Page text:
A modest proposal–buy appellate judges Ipads and stop requiring printed materials on appeal

One of the unanticipated joys of writing this blog has been reading correspondence from readers.  Recently, I received a note from a paralegal working for a Federal Public Defender.

The paralegal suggested the following:

I’m currently a paralegal who is spending some time at a Federal Public Defender office before heading to law school.  . . . 

My current job often involves assisting with appellate submissions. We produce truly massive packets of materials (usually in capital cases), and we print numerous copies of these materials.

At times colleagues have joked that we could buy everyone involved in the process (Judges, clerks, attorneys, heck probably even paralegals) an iPad, load up all the documents and come out ahead financially. Once everyone had an iPad we would really start saving money. At least to me the experience of reading PDFs on an iPad is superior to that of paper. For example, people with difficulty reading small text can zoom in. It’s even possible to place text notes into the documents.

At this time of fiscal crisis in the federal courts, it seems like a massive waste of money and resources to continue submitting appellate materials in the current manner. The courts have adopted electronic filing. Why not divert some printing funds to work iPads?

I was wondering if you’ve heard any rumblings about such an arrangement or if you find this to be a viable change? You seem to be a progressive member of the bench, if not in legal interpretation, at least in openness to technological change.

These types of developments are pretty much inevitable in my opinion—it’s only a matter of time. Why wait when the savings are real and the technology is more than adequate. 

Can’t a perfectly reasonable argument be made that (1) all appellate submissions (record, brief, appendix and motion) should be exclusively digital in nature and (2) appellate judges should stop requiring printed materials of any kind from members of the bar–if they want something printed such as a brief, let them do it themselves. Indeed, many (perhaps most) district judges already read briefs on computer screens, and, when necessary, print the brief (or motion or other part of the record) only as needed.  Sure, that slightly shifts printing and personnel costs from the litigant to the appellate court, but that cost is de minimis.  If printing and personnel costs are truly a problem, increase the filing fee modestly.

Shouldn’t all federal appellate courts, like virtually all their district court counterparts, step fully into the modern age?  So, what do you think?


19 responses

  1. My son got a compliment in trial the other day when the judge, seeing only an iPad on his desk (when the paper file was 10″ thick) suggested to the state that everything from now on be loaded on an iPad. It speeds everything up, and the links in briefs, with one click, takes you to the case being talked about. It should start out as a request of counsel and eventually be mandatory. Our state Supreme Court requires that digital briefs be submitted simultaneously with hard copies, but by email to the clerk.

  2. Dear Daniel,

    Thank you very much for your note about the Sixth Circuit. I am pleased to know that the Sixth Circuit does not require copies of printed briefs. I hope that rule is also true for the appendix and other materials.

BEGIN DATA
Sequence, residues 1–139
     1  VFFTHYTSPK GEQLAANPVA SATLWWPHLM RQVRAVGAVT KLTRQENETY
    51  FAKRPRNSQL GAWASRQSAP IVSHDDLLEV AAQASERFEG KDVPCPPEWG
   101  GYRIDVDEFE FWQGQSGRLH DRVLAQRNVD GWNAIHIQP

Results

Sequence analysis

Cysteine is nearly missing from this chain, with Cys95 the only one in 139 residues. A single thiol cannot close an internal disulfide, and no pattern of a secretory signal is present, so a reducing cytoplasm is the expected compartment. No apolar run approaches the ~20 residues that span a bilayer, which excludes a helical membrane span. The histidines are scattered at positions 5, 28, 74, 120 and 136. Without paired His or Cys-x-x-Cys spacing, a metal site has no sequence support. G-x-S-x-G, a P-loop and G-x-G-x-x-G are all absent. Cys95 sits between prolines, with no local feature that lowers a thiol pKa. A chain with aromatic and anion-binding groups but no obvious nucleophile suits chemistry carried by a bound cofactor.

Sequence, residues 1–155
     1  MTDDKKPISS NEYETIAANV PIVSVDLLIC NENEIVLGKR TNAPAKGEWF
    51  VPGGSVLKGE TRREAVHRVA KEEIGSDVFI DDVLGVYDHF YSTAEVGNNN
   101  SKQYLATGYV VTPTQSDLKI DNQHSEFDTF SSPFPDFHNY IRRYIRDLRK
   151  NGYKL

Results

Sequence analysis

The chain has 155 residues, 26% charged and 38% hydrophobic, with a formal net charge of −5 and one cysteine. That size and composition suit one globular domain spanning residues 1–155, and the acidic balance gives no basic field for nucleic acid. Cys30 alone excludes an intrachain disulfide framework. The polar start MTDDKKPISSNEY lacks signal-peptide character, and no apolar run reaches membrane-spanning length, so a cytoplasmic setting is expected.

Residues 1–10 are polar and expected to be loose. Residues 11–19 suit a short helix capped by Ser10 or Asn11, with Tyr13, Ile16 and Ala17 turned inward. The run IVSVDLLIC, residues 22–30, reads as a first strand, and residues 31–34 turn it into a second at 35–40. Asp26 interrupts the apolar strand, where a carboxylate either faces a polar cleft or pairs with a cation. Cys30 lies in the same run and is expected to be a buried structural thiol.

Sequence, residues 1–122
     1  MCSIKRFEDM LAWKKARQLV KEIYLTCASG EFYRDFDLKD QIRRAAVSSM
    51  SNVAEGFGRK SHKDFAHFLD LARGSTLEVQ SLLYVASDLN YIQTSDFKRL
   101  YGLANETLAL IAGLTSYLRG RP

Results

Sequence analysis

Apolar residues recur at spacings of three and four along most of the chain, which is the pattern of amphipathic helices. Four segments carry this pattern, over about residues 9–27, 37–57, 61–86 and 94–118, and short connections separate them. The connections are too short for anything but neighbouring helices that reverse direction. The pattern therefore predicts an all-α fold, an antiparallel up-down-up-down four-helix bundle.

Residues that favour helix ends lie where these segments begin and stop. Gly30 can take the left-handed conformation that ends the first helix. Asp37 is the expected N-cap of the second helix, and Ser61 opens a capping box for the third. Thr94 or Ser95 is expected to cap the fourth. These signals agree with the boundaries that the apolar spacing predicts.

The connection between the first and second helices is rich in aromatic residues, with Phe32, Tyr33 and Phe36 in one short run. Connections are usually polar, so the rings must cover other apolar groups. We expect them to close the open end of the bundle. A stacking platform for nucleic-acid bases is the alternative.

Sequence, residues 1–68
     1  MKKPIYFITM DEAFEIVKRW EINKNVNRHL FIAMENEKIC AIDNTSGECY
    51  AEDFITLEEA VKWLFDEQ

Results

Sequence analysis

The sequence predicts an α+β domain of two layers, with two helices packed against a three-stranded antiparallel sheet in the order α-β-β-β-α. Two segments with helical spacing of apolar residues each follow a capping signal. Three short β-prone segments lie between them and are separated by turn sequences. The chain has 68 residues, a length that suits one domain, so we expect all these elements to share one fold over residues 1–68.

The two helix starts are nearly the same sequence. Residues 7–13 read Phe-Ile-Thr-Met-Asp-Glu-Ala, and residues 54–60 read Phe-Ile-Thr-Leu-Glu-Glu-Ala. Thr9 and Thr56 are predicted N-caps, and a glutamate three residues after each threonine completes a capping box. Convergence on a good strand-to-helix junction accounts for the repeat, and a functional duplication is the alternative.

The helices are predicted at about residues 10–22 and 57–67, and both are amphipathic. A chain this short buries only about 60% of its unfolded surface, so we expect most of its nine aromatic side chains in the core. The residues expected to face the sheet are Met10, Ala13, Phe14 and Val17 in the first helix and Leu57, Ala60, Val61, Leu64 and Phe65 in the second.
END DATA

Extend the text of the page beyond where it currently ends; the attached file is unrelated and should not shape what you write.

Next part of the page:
As for your question, I think it answers itself. There is really no strong reason why other Circuits should not follow the Sixth. But, being a denizen of the TTT of the federal courts, what the hell do I know?

    All the best.


    PS I am so proud of myself. I have been wanting to use “TTT” for a long time.

  3. I think the definition of a federal appeals judge is a law student who grades his own paper. Good work on the blog.

  4. I can’t argue with the cost advantage, but I vastly prefer paper for my book reading. I own a Nook and a Kindle, and I can’t flip back and forth in an ebook as easily and as quickly as I can with a hard copy. With the thickness of the book, and the physical dogears (and even without them), I know where what I want in the book is located, to within a few pages. That SA is lost in an ebook.

    I also have a security problem with electronic (only) copies. Once the paper has been printed and delivered, it’s deucedly hard to hack the copies and alter the content. Electronic copies will always be in an arms race between the hackers and hackees, and in the intervals with the hackers in the ascendant, both the defendant and the state will be at risk.

    Color me paranoid, but some things are important enough to justify the paranoia.

    Eric Hines

  5. My only experience is representing Plaintiff’s in Social Security disability appeals in the Sixth and they use the administrative transcript from the District Court level, so there are no additional costs for that either (don’t get me started on the Tenth Circuit, which requires not only many printed briefs but a whole new Joint Appendix with printing costs on the Plaintiff).

    For a somewhat hilarious but also disheartening story on printing costs before the “first tier” of the Federal Courts, check out this article (http://www.aarongreenspan.com/writing/essay.html?id=87). Who is the “fourth tier” of the Federal Courts?

  6. As someone who recently finished clerking on a circuit court of appeals — and who otherwise very much believes in technology and owns an iPad myself — I’ll second that there’s simply no substitute for a printed record in terms of easy of access. While I often use it in conjunction with an electronic copy for searching, the printed copy can’t be beat for reference and in particular for annotation. Requiring the court to print all of this out is a huge shift of expenses to already-overburdened budgets (though would lessen the cost of shipping records out to far-flung circuit judges). I also note that, from anecdotal observation, it seems that judges who use electronic (iPad) bench packets tend to have a bit more difficulty finding things.

    It’s worth noting, however, that a not-insignificant (if shrinking) minority of judges are simply not capable of handling the technological revolution. As long as they’re around, any moves for change are simply DOA, however normatively desirable. Further, circuit judges are not alone in this luddite nature — many district judges require a courtesy copy from the litigants. In any event, at least none of these courts have the really expensive binding and paper requirements of the Supreme Court’s booklet printing system. There’s a real and legitimate target for ire…

  7. Most of the cost of paper filings are borne by the parties. The cost of an iPad, though cheaper in the long run, would come out of the court’s budget.

  8. Dear le_taon,

    Several observations about your insightful comments.